Finally, finally take vitamins every day. And Omega fatty acids, known as essential for healthy brain function and more effective than pharmaceuticals in treating depression: Get this, I had no regular source for these brain and mood essentials….for 30 years!
Hello, micronutrients. Huge volumes of greens and whole plant foods every day.
Drugs are not my dream solution, but I switched to Celexa after a break from anti-depressants welcomed the return of let’s say “negative mindset”. It’s proved so much better for me than Welbutrin.
Daily yoga. Meditation. Walking, running again.
I moved from the ultr-urban condo share with my beloved, back to my grand old craftsman with fresh air, garden, huge walnut trees…and some solitude.
By early October, I was feeling…better. I can’t point to the components that worked best. But I don’t really care. More, please.
At New Years, I declared this the year of Joie de Vivre, my best year ever. That’s a tall order, because by so many external measures, my life has been blessed: Dream life work, passion, love, friendships, magical moments in places like Bhutan and Paris. But that dampened spirit often weighed down even the most glorious of life moments.
Not so now. Since October, I’ve been full blown…happy. As Pema Chodron describes, a happiness big enough to hold grief from letting go of my beloved and dearest friend.
The other day a friend asked, “Why do you have to get up so early to go to yoga? Do you even burn that many calories? You work for yourself! Go later! Isn’t running way better for you?”
Here’s why: I’m saving myself. Joie de Vivre.
This morning, I got up at 5 a.m. one more time. I struggled through yoga, exhausted. But I went for a run in the forest right afterwards, anyway. And as I pounded trail in the misty trees, a thought flew by: This moment, just like so many since October, feels every bit as bright and beautiful as that day on the beach when I was 25, with my first love. Spectacular. Years ago, I used to think that day was the pinnacle. As good as it gets, never so naïve, never so open hearted, never so many love chemicals working in my favor. These days, it’s more subtle, but it’s there. Among the best days of my life. Joie de Vivre.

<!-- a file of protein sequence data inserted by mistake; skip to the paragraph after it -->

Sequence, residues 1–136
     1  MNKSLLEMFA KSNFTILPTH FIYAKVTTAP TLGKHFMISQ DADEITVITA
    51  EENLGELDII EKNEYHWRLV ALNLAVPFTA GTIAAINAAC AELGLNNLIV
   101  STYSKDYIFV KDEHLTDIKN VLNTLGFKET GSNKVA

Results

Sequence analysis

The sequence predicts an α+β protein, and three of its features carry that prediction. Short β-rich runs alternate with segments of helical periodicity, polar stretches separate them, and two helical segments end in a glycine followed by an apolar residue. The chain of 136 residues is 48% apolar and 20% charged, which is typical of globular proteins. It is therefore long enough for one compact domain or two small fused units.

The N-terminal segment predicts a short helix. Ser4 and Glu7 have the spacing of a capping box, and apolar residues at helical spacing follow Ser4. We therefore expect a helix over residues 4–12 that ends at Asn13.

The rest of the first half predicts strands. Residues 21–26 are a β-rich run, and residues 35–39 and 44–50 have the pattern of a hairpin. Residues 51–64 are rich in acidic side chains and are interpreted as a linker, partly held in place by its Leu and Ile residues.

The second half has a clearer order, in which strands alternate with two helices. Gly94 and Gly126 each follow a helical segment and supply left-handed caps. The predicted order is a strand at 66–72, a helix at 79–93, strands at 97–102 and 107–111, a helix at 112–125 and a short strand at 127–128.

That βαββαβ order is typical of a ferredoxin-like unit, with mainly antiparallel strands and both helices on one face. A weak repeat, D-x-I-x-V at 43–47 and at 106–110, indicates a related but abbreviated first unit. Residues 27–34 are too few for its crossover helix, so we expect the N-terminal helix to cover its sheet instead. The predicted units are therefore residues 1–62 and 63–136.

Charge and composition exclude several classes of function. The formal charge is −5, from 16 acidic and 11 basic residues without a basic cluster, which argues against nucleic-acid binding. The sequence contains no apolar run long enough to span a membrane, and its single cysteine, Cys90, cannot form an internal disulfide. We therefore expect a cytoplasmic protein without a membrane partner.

No, I wouldn’t trade my life. So much good has come. But when I think back on all the years of brain-fog, nutrition-deprived, pensive doldrums when I could have just felt good, balanced, happy, it does seem a waste.
This is the toughest thing I’ve ever written. It’s so personal. Why spill it? Uncouth, no? Because I’m not the only one. Depression, burnout, service without self care, wonky body chemistry exacerbated by crappy food choices: These make up the ill-fated fabric of many of our lives.
I didn’t think I ever could feel better. I feared my best days were behind me. Maybe some folks out there feel the same way.
But there they are, all those days, all that Joie de Vivre, ours for the taking.
* If you plan to try a new depression medication, you must inform those close to you- and keep them close, with keen eye on darkening moods. Seriously, guys, you are playing with serious stuff.